Most of the time, when I’ve asked people why they get acupuncture treatments, they’ve said for pain relief. Studies have shown that not only can this ancient treatment help relieve pain, but it is also effective for many other health issues, including but not limited to:
- Menstrual cramps
- Carpal tunnel syndrome
- Nausea caused by surgical anesthesia and cancer chemotherapy
- Back pain
- Myofascial pain
Because scientific studies haven’t fully explained how it works in the framework of Western medicine, acupuncture can be somewhat controversial in the United States. That said, in other countries, it is used to treat even more health issues, such as (and again, not limited to):
- Irritable bowel syndrome and gastritis
- Anxiety and depression
- Parkinson’s Disease
- Irritable bladder
You may have noticed an obvious connection between some of the conditions — they have “itis” at the end of them. “Itis” is a medical term that means inflammation. Inflammation can happen anywhere in the body and occurs when our white blood cells release certain chemicals into the bloodstream to protect us against bacteria, viruses, and other so-called invaders. The affected area generally gets swollen and hot and can cause fever, chills, fatigue, and other symptoms.
Under normal circumstances, the invader is destroyed and whatever inflammation has occurred as a result of the immune response goes away. Sometimes, though, a person’s immune system triggers the chemicals when there is no apparent invader. In essence, the body attacks itself. The result can be chronic inflammation and sometimes deadly tissue damage.
John Charlebois, licensed acupuncturist and co-owner of Jade Integrated Health in Portland and Brunswick, Maine is quite familiar with treating people whose immune systems are not functioning properly.
Autoimmune dysfunction manifests in a lot of different ways in the body. It could be allergies, it could be irritable bowel, Chron’s Disease, lupus, these are all autoimmune diseases. What acupuncture and traditional Chinese medicine is really very adept at is regulating the body’s tendency to overreact to that physiological threat or that autonomic threat. The primary momentum behind our approach in this situation is to reduce the fight or flight response.John Charlebois, L.Ac., Jade Integrated Health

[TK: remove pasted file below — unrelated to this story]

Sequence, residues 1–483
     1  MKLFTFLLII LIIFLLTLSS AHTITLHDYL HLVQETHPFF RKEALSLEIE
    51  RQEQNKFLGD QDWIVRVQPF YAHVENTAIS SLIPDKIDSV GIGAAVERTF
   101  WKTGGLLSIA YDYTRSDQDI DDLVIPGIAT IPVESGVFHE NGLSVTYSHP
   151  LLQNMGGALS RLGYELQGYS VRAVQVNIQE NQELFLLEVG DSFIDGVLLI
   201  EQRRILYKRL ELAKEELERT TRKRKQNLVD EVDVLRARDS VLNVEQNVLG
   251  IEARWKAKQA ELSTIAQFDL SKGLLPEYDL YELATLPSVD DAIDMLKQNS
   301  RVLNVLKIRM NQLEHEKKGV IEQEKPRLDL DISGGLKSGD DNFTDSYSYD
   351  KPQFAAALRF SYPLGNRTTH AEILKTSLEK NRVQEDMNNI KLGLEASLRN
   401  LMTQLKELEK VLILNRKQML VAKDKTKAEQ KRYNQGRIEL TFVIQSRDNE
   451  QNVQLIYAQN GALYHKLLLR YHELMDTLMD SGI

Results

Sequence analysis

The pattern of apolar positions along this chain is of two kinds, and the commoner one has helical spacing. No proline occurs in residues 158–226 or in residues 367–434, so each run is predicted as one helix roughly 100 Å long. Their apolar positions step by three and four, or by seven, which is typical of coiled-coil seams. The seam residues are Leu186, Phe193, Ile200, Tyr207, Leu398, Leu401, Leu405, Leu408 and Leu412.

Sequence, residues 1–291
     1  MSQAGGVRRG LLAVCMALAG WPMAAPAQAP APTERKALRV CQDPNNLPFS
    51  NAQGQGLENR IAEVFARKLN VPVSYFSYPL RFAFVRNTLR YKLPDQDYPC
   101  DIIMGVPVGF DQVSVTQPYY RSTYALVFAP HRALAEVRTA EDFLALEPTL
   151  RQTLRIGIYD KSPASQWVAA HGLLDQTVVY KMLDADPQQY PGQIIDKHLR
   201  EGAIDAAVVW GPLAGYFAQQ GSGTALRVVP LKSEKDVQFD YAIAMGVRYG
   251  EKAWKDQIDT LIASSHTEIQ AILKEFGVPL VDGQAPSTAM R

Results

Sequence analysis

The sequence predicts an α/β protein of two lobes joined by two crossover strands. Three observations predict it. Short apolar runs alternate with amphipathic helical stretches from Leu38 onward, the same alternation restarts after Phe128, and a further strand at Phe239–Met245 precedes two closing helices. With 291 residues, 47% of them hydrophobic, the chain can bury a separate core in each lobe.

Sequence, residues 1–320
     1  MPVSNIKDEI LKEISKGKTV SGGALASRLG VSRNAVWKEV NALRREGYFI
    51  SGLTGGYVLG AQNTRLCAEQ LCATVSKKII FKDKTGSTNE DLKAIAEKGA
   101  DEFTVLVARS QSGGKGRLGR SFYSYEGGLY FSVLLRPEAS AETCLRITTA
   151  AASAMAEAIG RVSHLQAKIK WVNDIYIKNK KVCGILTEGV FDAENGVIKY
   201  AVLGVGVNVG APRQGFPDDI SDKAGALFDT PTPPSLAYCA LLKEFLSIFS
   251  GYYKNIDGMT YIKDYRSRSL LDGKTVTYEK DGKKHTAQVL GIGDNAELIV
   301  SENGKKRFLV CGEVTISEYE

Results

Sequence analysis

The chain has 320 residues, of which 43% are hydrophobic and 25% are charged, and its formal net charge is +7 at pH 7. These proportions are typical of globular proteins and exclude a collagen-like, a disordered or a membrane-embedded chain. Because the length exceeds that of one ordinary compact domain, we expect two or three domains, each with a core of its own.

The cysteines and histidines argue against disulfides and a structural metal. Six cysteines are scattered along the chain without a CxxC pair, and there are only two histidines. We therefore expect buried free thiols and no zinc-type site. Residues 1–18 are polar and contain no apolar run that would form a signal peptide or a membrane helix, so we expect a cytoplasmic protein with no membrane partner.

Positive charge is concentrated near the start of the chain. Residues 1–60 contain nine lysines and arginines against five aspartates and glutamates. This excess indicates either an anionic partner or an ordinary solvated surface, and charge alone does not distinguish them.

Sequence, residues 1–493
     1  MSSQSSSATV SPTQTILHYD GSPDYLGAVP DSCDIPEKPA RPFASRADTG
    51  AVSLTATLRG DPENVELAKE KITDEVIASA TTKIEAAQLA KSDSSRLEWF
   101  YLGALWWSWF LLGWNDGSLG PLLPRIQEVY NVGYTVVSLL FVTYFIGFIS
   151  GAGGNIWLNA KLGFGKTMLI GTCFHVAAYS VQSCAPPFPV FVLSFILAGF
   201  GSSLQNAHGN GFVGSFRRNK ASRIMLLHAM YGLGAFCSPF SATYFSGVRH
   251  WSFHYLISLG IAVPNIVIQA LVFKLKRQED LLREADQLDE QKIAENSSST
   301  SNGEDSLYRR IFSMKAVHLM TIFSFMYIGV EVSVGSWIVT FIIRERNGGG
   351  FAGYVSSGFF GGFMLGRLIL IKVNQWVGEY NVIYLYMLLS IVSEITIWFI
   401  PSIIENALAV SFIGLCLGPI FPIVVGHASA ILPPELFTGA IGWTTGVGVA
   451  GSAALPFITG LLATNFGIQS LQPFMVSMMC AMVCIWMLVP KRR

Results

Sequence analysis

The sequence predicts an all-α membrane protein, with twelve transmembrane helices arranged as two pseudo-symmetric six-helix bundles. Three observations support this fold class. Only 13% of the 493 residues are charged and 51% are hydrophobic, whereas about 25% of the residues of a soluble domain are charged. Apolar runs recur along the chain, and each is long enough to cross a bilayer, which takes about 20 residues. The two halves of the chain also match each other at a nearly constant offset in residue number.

Acupuncture brings the body back into balance. An excess of something is reduced, a deficiency is elevated. In John’s words, “That’s the yin and yang of acupuncture.”
Acupuncture and cytokine storm: a study
An early study related to an extreme immune response and electroacupuncture (instead of traditional acupuncture needles, researchers used very thin electrodes) was published in August 2020 in the journal Neuron. Led by neuroscientists at Harvard Medical School, the study showed that acupuncture can “tame systemic inflammation in mice.” Specifically, it demonstrated that electroacupuncture stimulation could influence how “animals coped with cytokine storm.”
You may have heard of the term cytokine storm in connection with some COVID-19 infections. Cytokines are proteins in the immune system that play an important role in fighting infections. A cytokine storm happens when the body rapidly releases an excessive amount of inflammatory proteins, which can lead to serious even deadly consequences.
The Harvard researchers showed that by activating different signaling pathways, electroacupuncture could trigger either a pro-inflammatory or an anti-inflammatory response in the mice. In a news release, principal investigator Qiufu Ma, professor of neurobiology in the Blavatnik Institute at Harvard Medical School and a researcher at Dana-Farber Cancer Institute said, “Our findings represent an important step in ongoing efforts not only to understand the neuroanatomy of acupuncture but to identify ways to incorporate it into the treatment arsenal of inflammatory diseases, including sepsis.”
Treating humans with acupuncture
John Charlebois is quite familiar with treating inflammation connected with respiratory conditions such as asthma, chronic bronchitis, and other infections and conditions. Recently, he has been seeing more people with lingering iissues, including symptoms of lung inflammation, from COVID-19 infections.
No matter what the issue is, he aims to correct the flow of energy (chi or qi) through the body to achieve balance. He inserts acupuncture needles into specific points located along or near what are called meridians, which are located over the entire body. With respiratory issues, the modality works by targeting specific spots on the lung meridian, which stimulates the respiratory system and activates a targeted immune response. In the case of an overactive immune system, he tries to “reeducate the autonomic nervous system.”
While it might seem so, acupuncture is not a passive practice and it’s not just about knowing where to stick the needles.
I read a mosaic, I don’t follow a line.When it comes to these chronic conditions, when we’re able to get that mosaic of the person’s health, then we’ll see a pathway and we’ll know the tools to be able to assist that person through that pathway. It’s not a one-sided exchange. We have to educate the person on the other end about what they need to change or start cultivating in their own life. Acupuncture is a tool to help harmonize energy and matter throughout the body, inside and outside.John Charlebois, L. Ac.
For more information about Jade Integrated Health, its approach to wellness, and what it offers for services, visit the website.